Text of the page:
Dear Prudence advises a woman who is reluctant to wed her dim-bulb suitor.

Dear Prudence advises a woman who is reluctant to wed her dim-bulb suitor.

Dear Prudence advises a woman who is reluctant to wed her dim-bulb suitor.

Advice on manners and morals.
July 5 2011 3:25 PM

Boyfriend Is Thick as a Brick

Dear Prudence advises a woman who is reluctant to wed her dim-bulb suitor—during a live chat at


Emily Yoffe, aka Dear Prudence, is on weekly to chat with readers about their romantic, family, financial, and workplace problems. An edited transcript of this week's chat is below. (Get Dear Prudence delivered to your inbox each week; click here to sign up. Read Prudie's Slate columns here. Send questions to Prudence at

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Q. In Response to Niece With Her Deceased Aunt's Jacket: I totally agree with your advice but I would add something. The niece may want to wait one or two years and then call the daughter and offer her the jacket then. After my mother passed away, I did not realize until later how much I would treasure the things of hers that I kept. Sometimes I carry a purse or wear a necklace that was my mother's, and it's very comforting. It left me feeling later like I should have kept more. If the niece wants to offer the jacket back later, the daughter may appreciate it, even though she doesn't want it now.

A: Thanks for this sensitive advice. But the offer shouldn't be, "I never wear this thing, do you want it back?" But, "I've loved this beautiful jacket, and I was thinking that now that you're older, it might be something you'd enjoy wearing."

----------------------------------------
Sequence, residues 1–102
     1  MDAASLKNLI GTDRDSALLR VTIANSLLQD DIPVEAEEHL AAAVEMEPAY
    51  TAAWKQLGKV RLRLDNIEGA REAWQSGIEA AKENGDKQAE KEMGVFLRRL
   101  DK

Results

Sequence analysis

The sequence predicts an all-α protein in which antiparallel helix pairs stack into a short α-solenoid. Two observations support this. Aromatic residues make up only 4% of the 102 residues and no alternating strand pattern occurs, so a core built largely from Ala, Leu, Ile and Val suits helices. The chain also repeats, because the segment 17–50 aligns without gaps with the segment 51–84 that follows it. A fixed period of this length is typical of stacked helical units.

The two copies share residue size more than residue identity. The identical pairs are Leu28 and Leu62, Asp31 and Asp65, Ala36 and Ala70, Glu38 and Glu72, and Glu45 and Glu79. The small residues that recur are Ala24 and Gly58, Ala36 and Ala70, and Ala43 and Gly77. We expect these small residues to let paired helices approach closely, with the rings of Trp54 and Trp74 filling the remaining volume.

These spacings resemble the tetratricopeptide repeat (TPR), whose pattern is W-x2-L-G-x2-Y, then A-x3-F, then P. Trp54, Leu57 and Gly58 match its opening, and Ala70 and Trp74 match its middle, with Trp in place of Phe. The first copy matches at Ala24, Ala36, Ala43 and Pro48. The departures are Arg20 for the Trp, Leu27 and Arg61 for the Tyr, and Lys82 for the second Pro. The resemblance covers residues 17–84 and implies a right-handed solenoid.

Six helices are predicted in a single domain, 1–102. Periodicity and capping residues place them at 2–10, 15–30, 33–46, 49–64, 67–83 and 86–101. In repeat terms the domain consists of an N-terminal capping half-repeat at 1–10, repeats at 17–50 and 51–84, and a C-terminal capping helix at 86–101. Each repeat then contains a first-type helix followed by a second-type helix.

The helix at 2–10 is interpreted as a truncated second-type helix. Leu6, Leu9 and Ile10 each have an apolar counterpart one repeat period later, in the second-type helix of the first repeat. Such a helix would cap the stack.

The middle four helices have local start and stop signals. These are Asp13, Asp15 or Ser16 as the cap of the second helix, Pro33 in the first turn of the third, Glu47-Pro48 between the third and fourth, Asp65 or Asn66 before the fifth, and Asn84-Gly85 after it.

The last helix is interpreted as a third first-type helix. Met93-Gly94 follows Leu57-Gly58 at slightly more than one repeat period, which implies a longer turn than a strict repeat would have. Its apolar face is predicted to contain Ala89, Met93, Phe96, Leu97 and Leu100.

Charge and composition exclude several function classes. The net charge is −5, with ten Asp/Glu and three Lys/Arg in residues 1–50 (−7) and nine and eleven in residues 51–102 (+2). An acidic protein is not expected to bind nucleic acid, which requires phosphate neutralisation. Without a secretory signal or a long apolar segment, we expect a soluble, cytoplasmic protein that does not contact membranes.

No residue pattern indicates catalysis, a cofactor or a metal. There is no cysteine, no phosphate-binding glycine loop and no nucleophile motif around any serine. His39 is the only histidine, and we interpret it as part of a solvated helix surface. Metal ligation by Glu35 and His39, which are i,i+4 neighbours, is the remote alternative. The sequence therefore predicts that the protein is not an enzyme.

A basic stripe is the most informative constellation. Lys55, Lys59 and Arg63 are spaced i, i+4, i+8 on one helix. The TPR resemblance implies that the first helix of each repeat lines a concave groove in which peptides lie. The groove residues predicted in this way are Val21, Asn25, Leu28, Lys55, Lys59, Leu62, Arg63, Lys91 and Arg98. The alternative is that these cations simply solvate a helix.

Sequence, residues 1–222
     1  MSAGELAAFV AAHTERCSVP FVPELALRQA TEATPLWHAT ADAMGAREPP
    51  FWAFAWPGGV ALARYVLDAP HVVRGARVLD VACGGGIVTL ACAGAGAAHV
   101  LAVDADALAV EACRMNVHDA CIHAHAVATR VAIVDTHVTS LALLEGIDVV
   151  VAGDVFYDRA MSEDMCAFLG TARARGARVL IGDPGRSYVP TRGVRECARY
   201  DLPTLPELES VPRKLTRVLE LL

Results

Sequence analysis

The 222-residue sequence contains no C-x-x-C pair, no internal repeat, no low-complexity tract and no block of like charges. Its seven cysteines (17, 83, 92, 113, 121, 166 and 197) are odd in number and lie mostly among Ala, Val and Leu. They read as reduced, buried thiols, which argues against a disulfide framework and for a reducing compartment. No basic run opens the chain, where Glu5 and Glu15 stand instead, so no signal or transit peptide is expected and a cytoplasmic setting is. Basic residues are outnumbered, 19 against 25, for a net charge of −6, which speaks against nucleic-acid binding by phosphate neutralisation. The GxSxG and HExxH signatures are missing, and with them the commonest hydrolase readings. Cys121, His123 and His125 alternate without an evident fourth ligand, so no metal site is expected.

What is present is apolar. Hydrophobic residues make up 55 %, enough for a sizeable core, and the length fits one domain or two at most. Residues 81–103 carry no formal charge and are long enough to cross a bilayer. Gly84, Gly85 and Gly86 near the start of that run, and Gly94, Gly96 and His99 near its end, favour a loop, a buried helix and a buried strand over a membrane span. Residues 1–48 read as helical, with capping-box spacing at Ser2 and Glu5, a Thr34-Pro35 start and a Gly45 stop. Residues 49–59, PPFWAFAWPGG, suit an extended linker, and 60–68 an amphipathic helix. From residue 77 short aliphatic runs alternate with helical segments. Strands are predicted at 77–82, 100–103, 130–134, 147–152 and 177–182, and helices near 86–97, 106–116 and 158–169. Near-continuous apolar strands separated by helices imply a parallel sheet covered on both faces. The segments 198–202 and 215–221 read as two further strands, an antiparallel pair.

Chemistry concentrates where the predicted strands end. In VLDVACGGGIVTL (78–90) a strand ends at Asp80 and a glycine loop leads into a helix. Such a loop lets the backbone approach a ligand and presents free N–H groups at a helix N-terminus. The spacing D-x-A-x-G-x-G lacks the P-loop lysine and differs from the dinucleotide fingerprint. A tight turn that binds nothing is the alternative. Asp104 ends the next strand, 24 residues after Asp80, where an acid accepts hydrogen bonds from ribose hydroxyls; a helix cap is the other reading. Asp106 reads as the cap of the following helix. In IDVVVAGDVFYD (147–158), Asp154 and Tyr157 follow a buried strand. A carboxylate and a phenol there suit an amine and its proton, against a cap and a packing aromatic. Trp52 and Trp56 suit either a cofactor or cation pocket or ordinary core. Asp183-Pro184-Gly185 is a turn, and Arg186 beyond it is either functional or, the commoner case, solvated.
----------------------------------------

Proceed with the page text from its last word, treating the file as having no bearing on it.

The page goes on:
Q. RE: Bad Luck Bride: For the price of tailoring and alterations, the bride could rent a wedding dress for the day.

A: Good advice. And no temptation to wear it yet again!

Q. How Much Hobby Sharing Can Spouses Expect From One Another?: As strictly a hobby, I write fictional novels in the evenings after my daughter goes to bed. I am a stay-at-home mom more by circumstance than by desire, though I have loved being there for my daughter. This activity has given me a chance to step into a fictional world for a few hours a night and something to do as my husband is fooling with his computer modeling, music, various artistic pursuits, or video games for the evenings after a day of work for him. I try to be supportive of his hobbies. Is it too much for me to ask for him to read what I write? The only friend I have I feel comfortable enough to read what I write is visually impaired and does most of her reading through audio books. He just never gets around to it when I do ask. I gave him an early draft of a novel I was messing around with and have since finished two sequels to it. I know they will never go farther than taking up memory space on my laptop hard drive, but I still want it to be the best I can make it, and to me that includes having someone I love and trust read it.


A: In her recent memoir, Joyce Carol Oates reveals her late husband didn't read her novels. Of course, she wrote a novel a day, so maybe it was too much to ask. If you even harbor secret dreams of someone besides your spouse reading your work, I think you need to get braver and join a writing circle, or take a class in which others are forced to read your work. Your husband may be the most sensitive, brilliant reader you'd ever encounter and he's unkindly refusing to be your Lionel Trilling. Or he may be thinking, "I love her, but if I have to read one more word about a sexy werewolf, I'm going to kill myself. " Don't make reading your trilogy a test of your marriage.

Q. Re: Mistress: As someone that has been the other woman, I was angry at first when my sister and friends told me what I was doing was wrong, but as time went on I realized not only was I helping to break up a family, I was also with a guy that had no problem hurting his family. Probably not a guy you want to be with. Talk to your friend.

A: Nice to hear that the wisdom of people who cared about you got through.

Emily Yoffe: Thanks, everyone—talk to you next Monday.

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